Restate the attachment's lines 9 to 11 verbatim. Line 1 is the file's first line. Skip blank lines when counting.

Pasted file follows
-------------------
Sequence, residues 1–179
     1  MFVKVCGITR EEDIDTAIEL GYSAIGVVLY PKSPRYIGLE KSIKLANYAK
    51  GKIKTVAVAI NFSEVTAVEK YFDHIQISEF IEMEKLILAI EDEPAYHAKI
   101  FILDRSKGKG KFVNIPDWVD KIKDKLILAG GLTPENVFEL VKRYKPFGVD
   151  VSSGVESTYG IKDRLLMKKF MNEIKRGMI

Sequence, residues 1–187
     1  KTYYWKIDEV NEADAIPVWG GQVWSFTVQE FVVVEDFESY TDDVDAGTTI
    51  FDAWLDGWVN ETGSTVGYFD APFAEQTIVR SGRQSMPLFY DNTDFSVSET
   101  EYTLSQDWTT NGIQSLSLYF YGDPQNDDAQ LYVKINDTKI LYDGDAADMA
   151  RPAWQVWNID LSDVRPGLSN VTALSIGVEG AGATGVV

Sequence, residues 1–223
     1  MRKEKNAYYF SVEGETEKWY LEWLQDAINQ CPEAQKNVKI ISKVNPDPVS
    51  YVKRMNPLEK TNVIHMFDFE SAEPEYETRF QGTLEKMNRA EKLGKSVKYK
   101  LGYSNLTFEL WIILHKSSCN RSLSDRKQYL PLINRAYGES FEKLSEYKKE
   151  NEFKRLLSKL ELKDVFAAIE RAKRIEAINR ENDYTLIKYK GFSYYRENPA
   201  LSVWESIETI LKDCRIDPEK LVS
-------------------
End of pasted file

   101  EYTLSQDWTT NGIQSLSLYF YGDPQNDDAQ LYVKINDTKI LYDGDAADMA
   151  RPAWQVWNID LSDVRPGLSN VTALSIGVEG AGATGVV

Sequence, residues 1–223